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One problem among many: drug use among care leavers in transition to independent living ibuprofen 400mg with mastercard. Newburn T & Person G (2002) The place and meaning of drug use in the lives of young people in care best 600mg ibuprofen. Rugg J (2000) Making connections: tackling youth homelessness through a multi-agency approach generic 400 mg ibuprofen with mastercard. Fountain J, Howes S, Marsden J et al (2003) Drug and alcohol use and the link with homelessness: results from a survey of homeless people in London. Youth homelessness and substance use: report to the drugs and alcohol research unit. In: Kimler B & Hoorens S (eds) Understanding illicit drug markets, supply-reduction efforts, and drug-related crime in the European Union. Cameron L & Williams J (2001) Cannabis, alcohol and cigarettes: substitutes or complements? Office of National Drug Control Policy (2011) National drug control strategy: data supplement 2011. Dave D (2006) The effects of cocaine and heroin price on drug-related emergency department visits. Saxe L, KadushinC, Beveridge A et al (2001) The visibility of illicit drugs: implications for community- based drug control strategies, American Journal of Public Health 91: 1987-94. British Medical Association (2008) Forever cool: the influence of smoking imagery on young people. Anderson P, de Bruijn A, Angus K et al (2009) Impact of alcohol advertising and media exposure on adolescent alcohol use: a systematic review of longitudinal studies. School of Health and Related Research University of Sheffield (2008) independent review of the effects of alcohol pricing and promotion. Smith L & Foxcroft D (2009) The effect of alcohol advertising, marketing and portrayal on drinking behaviour in young people: systematic review of prospective cohort studies. Hunt K, Sweeting H, Sargent J et al (2011) Is there an association between seeing incidents of alcohol or drug use in films and young Scottish adults’ own alcohol or drug use? Padilla-Walker L, Nelson L, Carroll J et al (2010) More than a just a game: video game and internet use during emerging adulthood. Hornik R, Maklan D, Cadell D et al (2006) Evaluation of the national youth antidrug media campagin: 2004 report of findings. Gunasekera H, Chapman S & Campbell S (2005) Sex and drugs in popular movies: an analysis of the top 200 films. British Medical Association (2009) Under the influence: the damaging effect of alcohol marketing on young people. Cumberbatch G & Gauntlett S (2005) Smoking, alcohol and drugs on television: a content analysis. United Nations International Narcotics Control Board (2008) Report of the International Narcotics Control Board for 2007. Berridge V (1984) Drugs and social policy: the establishment of drug control in Britain 1900-1930. Ministry of Health (1926) Report of the Departmental Committee on Morphine and Heroin Addiction (The Rolleston Report). Ministry of Health and Scottish Home and Health Department (1965) Drug addiction: the second report of the Interdepartmental Committee (The Second Brain Report). Medical Working Group on Drug Dependence (1984) Guidelines of good clinical practice in the treatment of drug misuse. Department of Health (England), the Scottish Government, Welsh Assembly Government and Northern Ireland Executive (2007) Drug misuse and dependence. Gruer L, Wilson P, Scott P et al (1997) General practitioner centred scheme for treatment of opiate dependents in Glasgow. Home Office (1998) Statistics of drug seizures and offenders dealt with, United Kingdom, 1996. Her Majesty’s Government (1995) Tackling drugs together: a strategy for England 1995-1998 (Cmd 2846). The Task Force to Review Services for Drug Misusers (1996) Report of an independent review of drug treatment services in England. Budd T, Collier P, Mhlanga B et al (2005) Levels of self-report offending and drug use among offenders: findings from the Criminality Surveys. Reducing demand, restricting supply, building recovery: supporting people to lead a drug free life. Weatherburn D, Topp L, Midford R et al (2000) Drug crime prevention and mitigation: a literature review and research agenda. House of Commons Science and Technology Select Committee Drug classification: making a hash of it: fifth report of session 2005-2006. The Police Foundation (1999) Drugs and the law: report of the independent inquiry into the Misuse of Drugs Act 1971 (The Runciman Report). Kleinman (2009) When brute force fails: how to have less crime and less punishment.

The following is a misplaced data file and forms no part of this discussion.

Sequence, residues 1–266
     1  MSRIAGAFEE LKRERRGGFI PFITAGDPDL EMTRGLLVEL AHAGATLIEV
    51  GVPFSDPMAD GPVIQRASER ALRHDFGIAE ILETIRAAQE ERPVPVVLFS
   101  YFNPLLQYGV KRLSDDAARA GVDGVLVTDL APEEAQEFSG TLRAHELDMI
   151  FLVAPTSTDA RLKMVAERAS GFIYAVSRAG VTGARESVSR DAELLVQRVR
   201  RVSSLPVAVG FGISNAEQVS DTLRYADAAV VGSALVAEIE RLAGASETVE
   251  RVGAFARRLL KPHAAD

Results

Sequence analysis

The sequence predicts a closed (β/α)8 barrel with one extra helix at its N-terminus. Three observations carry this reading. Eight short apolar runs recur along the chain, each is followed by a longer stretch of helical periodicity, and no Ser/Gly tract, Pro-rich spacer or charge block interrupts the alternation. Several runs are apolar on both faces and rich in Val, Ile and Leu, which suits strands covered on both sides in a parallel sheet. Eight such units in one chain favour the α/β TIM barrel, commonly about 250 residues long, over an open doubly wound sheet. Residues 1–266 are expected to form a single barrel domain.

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Thus the rate- limiting step for systemic absorption of drugs from intravaginal creams cheap 400mg ibuprofen mastercard, inserts and tablets is often dissolution within the vaginal fluid cheap ibuprofen 400 mg otc, particularly for poorly soluble drugs purchase 400mg ibuprofen fast delivery. Obviously, the type of dosage form affects the rate of dissolution; for example, a drug which is already dissolved in an aqueous vaginal gel will be more rapidly absorbed than a drug which is in solid form within a vaginal tablet preparation. The effective area of contact Although the area of the vaginal cavity is approximately 60 cm , the formulation will influence the size2 of the area over which the drug is deposited. The vehicle should facilitate even distribution of the drug throughout the vagina, rather than concentrating it in one spot. Factors such as the hydrophilicity and viscosity of the vehicle will determine how well it spreads through the vagina. Contact time The formulation will also influence the extent of the contact time the drug has with the absorbing surface of the vaginal epithelium. Typical delivery systems such as foams, gels and tablets are removed in a relatively short period of time by the self- cleansing action of the vaginal tract. New bioadhesive gel delivery systems are being developed to prolong contact time with the absorbing surface and are described below. Concentration The rate of absorption via passive diffusion processes (transcellular and paracellular) can be increased by increasing the drug concentration in solution at the absorbing surface (see Section 1. For systems intended for prolonged administration, a highly saturated formulation will also ensure that sufficient drug is present to ensure sustained drug delivery throughout the intended time of application. However, care must be taken, as high local drug concentrations over extended periods of time may also cause severe local irritation or adverse tissue reactions. A brief overview of both the advantages and disadvantages of vaginal drug delivery is given below. However, it2 is much smaller than that offered by the nasal (150 cm ), rectal (200–400 m ), pulmonary (75–700 m ) and3 2 2 intestinal (200 m ) routes. In contrast to the oral route, this route also avoids degradation in the intestinal wall or the liver, prior to the drug reaching the systemic circulation. Reduced first-pass effects after vaginal application of estrogens, progestogens and prostaglandins have all been reported in a number of studies. Permeability The vagina demonstrates a relatively high permeability to many drugs, particularly during the late luteal and early follicular phases of the menstrual cycle. Ease of administration Intravaginal dosage forms are relatively easy to administer and offer the feasibility of self-administration. Patient compliance is generally good, particularly if no leakage or staining occurs. Prolonged retention Prolonged retention of the drug is possible, if the appropriate delivery system such as vaginal silicone ring is used, thereby allowing a reduction in the dosing frequency. Alternative when the oral route is unfeasible The vaginal route may be appropriate in certain situations where the oral route is unfeasible, such as: • patients with nausea and vomiting; • patients with swallowing difficulties; • drugs that cause gastric irritation; • drugs that are unstable in the gastrointestinal fluids; • drugs that undergo extensive first-pass effects in the gut wall or liver. Zero-order controlled release Vaginal drug delivery offers the potential to achieve zero-order controlled release over a controlled period. Adverse effects The relatively low amount of fluids bathing the vaginal mucous membranes means the tissue is prone to adverse reactions, such as local irritation, caused by vaginal devices. Similarly, locally irritating or sensitizing drugs must be used with caution in this route. Furthermore, materials used in vaginal preparations should be sterilized and not act as a growth medium for the proliferation of pathogenic microorganisms, bacteria, fungi, and protozoa. Hormone-dependent changes Cyclic changes in the reproductive system mean that large fluctuations in vaginal bioavilability can occur. Cyclical changes in the vaginal epithelium include changes in the thickness and porosity of the vaginal epithelium, the amount and pH of the vaginal fluids and the degree of enzymatic activity present. Furthermore, estrogen therapy and steroidal contraceptives influence the vaginal fluid, epithelial thickness and vascularity, which also contributes to a lack of reproducibility in the vaginal absorption of drugs. This lack of reproducibility constitutes a major problem associated with vaginal drug delivery and, for drugs with a narrow therapeutic index, such variations may be unacceptable. Leakage The bulbocavernosus muscles which surround the orifice of the vagina are not usually strong enough to retain vaginal preparations in the same way as the anal sphincter retains rectal suppositories. Slipping-out or leakage may occur, particularly in the case of preparations involving a relatively large volume of liquid or semisolid. Life-cycle constraints The vagina is the final part of the internal female genitalia, the parturient canal, and also serves as a passage for the outflow of cervical fluids and the menstrual flow. Menstruation, intercourse, pregnancy and delivery, and other anatomical or physiological changes in the life cycle of women must also be taken into account when the timing and effectiveness of drug application are being considered. Applicability constraints No matter what degree of optimization can actually be achieved via this route, it must be remembered that vaginal delivery is only applicable to approximately 50% of the population. Thus it may be that the true potential of this route lies in the treatment of female-specific conditions, such as in the treatment of climacteric symptoms of the menopause etc. However more recently, the vaginal delivery of estrogens, progesterones and prostaglandins has been considered in term of their systemic, as opposed to merely local, delivery. Current technologies in vaginal drug delivery are increasingly concerned with the systemic delivery of these agents and commercial preparations are now available: 11. This risk can be eliminated by treatment with a progestational agent for up to 14 days a month.